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Update February 2018


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Update by Natrakorn Paewsoongnern
 
 
 

Classical Connections By Colin Kaye

 

February 24, 2018 - March 2, 2018

The sound of silence

Samuel Barber c. 1940.

Do you remember that song from back in the sixties?  It was written in 1963 by Paul Simon, he of Simon and Garfunkel fame and the song was on the radio the other day.  The title reminded me of that abstruse remark by Claude Debussy who said “Music is the silence between the notes.”  Perhaps he meant that music “lies in the silence between the notes” which is not quite the same thing.  Anyway, I think I know what he meant.  Mozart and Busoni make similar comments. 

Debussy was presumably referring to the way a competent musician knows how to “place” notes in relation to one another, a skill sometimes (inaccurately) referred to as “interpretation”.  Knowing exactly where to place the notes sometimes makes the difference between a good performance and a great one.  In essence, I suppose it’s roughly similar to what actors refer to as “timing” though in practice a great deal more complicated.

At its simplest level, silence marks the beginning and end of the music.  It occurs between musical phrases, so that we know where one phrase ends and another one begins.  Think of Gregorian chant and those silent moments between the long flowing phrases. 

Sometimes silence is used to create a sense of surprise or drama.  In Tchaikovsky’s Fifth Symphony there’s a break of several seconds silence at a moment of high drama in the last movement.  In his Sixth Symphony he went even further.  The last eight measures of the work are scored for cellos and basses playing a low chord so quiet that it’s barely audible.  In the final measure, Tchaikovsky writes a rest sign – the musical sign for silence - with a pause mark over the top, thus effectively writing in a period of complete silence at the end of the work. I heard a performance not so long ago in which the conductor held the silent pause for a full twenty-nine seconds. The effect was magical - you could have heard a pin drop.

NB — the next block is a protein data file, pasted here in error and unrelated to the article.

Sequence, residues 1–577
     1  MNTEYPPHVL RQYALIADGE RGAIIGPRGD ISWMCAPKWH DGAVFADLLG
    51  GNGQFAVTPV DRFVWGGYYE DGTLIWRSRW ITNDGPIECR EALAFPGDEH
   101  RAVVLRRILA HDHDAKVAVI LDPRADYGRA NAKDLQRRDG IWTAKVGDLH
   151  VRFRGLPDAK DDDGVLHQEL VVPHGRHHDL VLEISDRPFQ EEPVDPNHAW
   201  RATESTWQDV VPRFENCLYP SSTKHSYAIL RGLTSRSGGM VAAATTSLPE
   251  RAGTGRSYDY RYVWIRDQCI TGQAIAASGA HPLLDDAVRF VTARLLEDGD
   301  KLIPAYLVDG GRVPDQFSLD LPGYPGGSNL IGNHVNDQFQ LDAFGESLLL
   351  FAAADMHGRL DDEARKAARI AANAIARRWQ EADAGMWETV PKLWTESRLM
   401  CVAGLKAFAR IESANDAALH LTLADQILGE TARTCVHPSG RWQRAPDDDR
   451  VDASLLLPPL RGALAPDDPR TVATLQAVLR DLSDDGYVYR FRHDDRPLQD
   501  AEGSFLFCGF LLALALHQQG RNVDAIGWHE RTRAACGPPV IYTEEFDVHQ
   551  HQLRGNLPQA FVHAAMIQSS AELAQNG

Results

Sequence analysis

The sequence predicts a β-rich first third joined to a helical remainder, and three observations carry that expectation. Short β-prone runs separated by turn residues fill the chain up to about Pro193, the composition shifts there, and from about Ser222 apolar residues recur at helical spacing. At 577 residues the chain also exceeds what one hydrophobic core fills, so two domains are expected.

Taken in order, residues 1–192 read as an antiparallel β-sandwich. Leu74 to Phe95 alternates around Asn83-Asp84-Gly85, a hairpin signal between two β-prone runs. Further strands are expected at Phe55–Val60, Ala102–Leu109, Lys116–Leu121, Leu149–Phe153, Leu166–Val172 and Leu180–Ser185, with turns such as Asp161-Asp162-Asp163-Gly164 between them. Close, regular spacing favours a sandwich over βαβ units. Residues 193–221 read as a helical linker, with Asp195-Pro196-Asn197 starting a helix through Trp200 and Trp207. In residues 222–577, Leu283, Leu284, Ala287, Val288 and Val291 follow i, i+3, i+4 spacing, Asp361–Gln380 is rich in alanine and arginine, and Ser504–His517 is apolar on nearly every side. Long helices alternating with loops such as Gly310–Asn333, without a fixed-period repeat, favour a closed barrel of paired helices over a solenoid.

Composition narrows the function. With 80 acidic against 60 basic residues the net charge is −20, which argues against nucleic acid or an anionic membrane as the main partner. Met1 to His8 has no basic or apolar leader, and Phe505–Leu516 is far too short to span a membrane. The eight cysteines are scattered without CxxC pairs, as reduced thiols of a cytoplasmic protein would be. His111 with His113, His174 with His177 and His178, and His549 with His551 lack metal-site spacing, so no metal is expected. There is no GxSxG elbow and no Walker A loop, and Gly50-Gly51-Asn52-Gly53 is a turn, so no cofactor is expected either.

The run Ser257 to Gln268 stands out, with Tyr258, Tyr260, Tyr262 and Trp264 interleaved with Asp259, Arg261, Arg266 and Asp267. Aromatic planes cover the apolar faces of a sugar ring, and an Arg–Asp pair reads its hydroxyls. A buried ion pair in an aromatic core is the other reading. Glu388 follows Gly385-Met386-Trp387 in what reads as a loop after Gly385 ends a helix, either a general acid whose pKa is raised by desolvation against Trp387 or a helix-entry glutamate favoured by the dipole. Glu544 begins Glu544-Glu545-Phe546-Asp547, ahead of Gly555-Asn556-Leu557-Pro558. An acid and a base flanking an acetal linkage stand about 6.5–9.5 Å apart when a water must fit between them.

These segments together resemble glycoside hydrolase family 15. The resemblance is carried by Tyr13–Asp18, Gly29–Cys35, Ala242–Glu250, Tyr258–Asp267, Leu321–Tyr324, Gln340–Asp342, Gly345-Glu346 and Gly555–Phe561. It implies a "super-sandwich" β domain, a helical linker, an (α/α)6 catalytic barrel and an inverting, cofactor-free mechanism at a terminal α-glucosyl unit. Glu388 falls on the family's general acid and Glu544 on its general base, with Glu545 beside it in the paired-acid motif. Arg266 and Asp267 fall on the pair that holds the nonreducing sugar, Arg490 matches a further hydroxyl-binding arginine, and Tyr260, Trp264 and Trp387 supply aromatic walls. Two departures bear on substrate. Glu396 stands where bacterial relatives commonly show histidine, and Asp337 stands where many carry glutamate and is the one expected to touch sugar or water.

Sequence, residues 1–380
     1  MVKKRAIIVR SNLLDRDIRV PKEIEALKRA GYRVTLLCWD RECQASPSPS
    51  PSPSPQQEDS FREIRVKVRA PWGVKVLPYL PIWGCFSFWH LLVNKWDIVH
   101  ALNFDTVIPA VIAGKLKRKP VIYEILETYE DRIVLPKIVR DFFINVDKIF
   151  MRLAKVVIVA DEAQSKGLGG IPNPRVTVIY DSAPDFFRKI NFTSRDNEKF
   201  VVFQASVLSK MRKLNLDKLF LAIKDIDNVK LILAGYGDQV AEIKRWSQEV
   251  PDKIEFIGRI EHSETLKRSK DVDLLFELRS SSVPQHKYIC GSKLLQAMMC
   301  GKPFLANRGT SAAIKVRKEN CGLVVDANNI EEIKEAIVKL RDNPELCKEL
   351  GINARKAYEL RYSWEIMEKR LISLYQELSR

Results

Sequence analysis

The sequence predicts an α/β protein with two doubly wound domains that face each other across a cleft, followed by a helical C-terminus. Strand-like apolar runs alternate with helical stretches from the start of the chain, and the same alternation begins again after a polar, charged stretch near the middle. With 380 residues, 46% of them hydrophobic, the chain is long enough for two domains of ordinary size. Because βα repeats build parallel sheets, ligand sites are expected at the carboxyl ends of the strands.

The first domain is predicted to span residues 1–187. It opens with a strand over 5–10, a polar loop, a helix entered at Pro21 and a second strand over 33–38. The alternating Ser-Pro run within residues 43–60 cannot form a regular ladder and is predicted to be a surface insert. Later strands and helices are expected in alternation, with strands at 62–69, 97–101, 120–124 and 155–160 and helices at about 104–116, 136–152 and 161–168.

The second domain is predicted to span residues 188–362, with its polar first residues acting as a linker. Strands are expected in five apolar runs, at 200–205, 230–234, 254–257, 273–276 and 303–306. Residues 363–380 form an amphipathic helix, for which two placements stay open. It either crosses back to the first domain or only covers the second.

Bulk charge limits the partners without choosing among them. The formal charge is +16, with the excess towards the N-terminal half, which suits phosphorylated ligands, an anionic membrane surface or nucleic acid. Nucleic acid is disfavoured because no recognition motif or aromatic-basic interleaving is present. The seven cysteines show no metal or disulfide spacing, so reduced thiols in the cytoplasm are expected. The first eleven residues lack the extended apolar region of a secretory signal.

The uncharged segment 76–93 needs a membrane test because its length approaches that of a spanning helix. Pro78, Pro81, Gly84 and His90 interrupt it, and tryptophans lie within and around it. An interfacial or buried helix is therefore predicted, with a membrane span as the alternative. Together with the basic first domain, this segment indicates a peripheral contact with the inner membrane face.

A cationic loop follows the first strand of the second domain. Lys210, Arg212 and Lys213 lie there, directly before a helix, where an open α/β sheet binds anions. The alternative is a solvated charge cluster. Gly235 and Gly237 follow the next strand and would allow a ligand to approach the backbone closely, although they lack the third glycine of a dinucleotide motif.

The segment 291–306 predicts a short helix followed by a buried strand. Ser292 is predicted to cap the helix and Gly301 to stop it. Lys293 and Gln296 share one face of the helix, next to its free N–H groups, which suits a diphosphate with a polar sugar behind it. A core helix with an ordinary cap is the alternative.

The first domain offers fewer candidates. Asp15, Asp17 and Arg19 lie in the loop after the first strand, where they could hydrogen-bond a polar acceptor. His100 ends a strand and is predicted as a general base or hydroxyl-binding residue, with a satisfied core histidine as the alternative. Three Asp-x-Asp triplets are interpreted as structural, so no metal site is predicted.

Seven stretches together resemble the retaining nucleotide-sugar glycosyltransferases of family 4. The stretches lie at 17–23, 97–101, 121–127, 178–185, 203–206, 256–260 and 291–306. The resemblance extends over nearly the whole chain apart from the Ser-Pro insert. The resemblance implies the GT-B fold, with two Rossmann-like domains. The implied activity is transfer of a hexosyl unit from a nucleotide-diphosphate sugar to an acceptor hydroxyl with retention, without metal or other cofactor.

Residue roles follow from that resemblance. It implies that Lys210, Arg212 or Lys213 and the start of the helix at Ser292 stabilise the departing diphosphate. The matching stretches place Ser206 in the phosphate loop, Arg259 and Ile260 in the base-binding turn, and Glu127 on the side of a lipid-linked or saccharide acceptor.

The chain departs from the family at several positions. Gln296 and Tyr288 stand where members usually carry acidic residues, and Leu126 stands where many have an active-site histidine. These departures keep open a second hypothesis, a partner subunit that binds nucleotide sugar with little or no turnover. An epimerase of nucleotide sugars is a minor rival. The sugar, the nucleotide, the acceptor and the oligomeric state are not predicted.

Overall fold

Twentieth century composers particularly have used silence for dramatic effect.  Tôru Takemitsu and Morton Feldman use silence to create a sense of expanded time and in Webern’s music there seems to be more silence than notes.  In contrast, in one of his string quartets Joseph Haydn used silence for a different reason: to raise a laugh.

Joseph Haydn (1732-1809): Quartet in E flat major Op. 33 No. 2. Ariel Quartet (Duration: 17:20; Video: 720p HD)

In the late summer of 1781, Haydn was forty-nine and at the peak of his career.  Many of his quartets have acquired nicknames, partly because he wrote so many of them.  In this one, known as “The Joke”, Haydn used silence at the end of the last movement to create several false endings, so that the audience would applaud in the wrong places.  It must be been great fun at the first performance.  In this one, the brilliant Israeli Ariel Quartet is exceptional, partly because they perform the entire work from memory.

Throughout the quartet Haydn frequently uses silence to create tension.  The last movement (at 13:55) takes the form of a lively Italian folk dance.  The first false ending is at 16:23; another one at 16.45 and another one at 16.50 which really sounds like the end of the piece.  The real ending arrives at 17.00 but even in this video, the audience seems unsure when to applaud.  After two hundred years, you’d have thought that Haydn’s joke might have worn a bit thin, but as this performance shows it still works.

Samuel Barber (1910-1981): Adagio for Strings. Berlin Philharmonic Orchestra cond. Sir Simon Rattle (Duration 09:04; Video 360p)

Yes, I know I’ve told you about this work before but it contains such a brilliant use of silence that it’s worth revisiting.  The Adagio (it just means “slowly”) was originally the slow movement of Barber’s String Quartet completed in 1936.  It would have probably remained obscure had not Arturo Toscanini urged Barber to arrange it for orchestra.  The orchestral version has since become hugely popular and been used in several feature films.

In this amazing performance, the start is almost inaudible but gradually the volume and intensity grow until the climax at 06:16.  Then suddenly, silence.  It sounds like the end of the piece but it can’t be, because the music is not in the “home” key.  The tension is incredible and Rattle holds the silence for a full nine seconds.  Then, the music tentatively returns and takes us back to the quiet place where we started.  Perhaps that quiet place could be an elevated dimension in the surreal, dystopian world described in Paul Simon’s song.


February 17, 2018 - February 23, 2018

A golden age perhaps yet to come

 

Joly Braga Santos.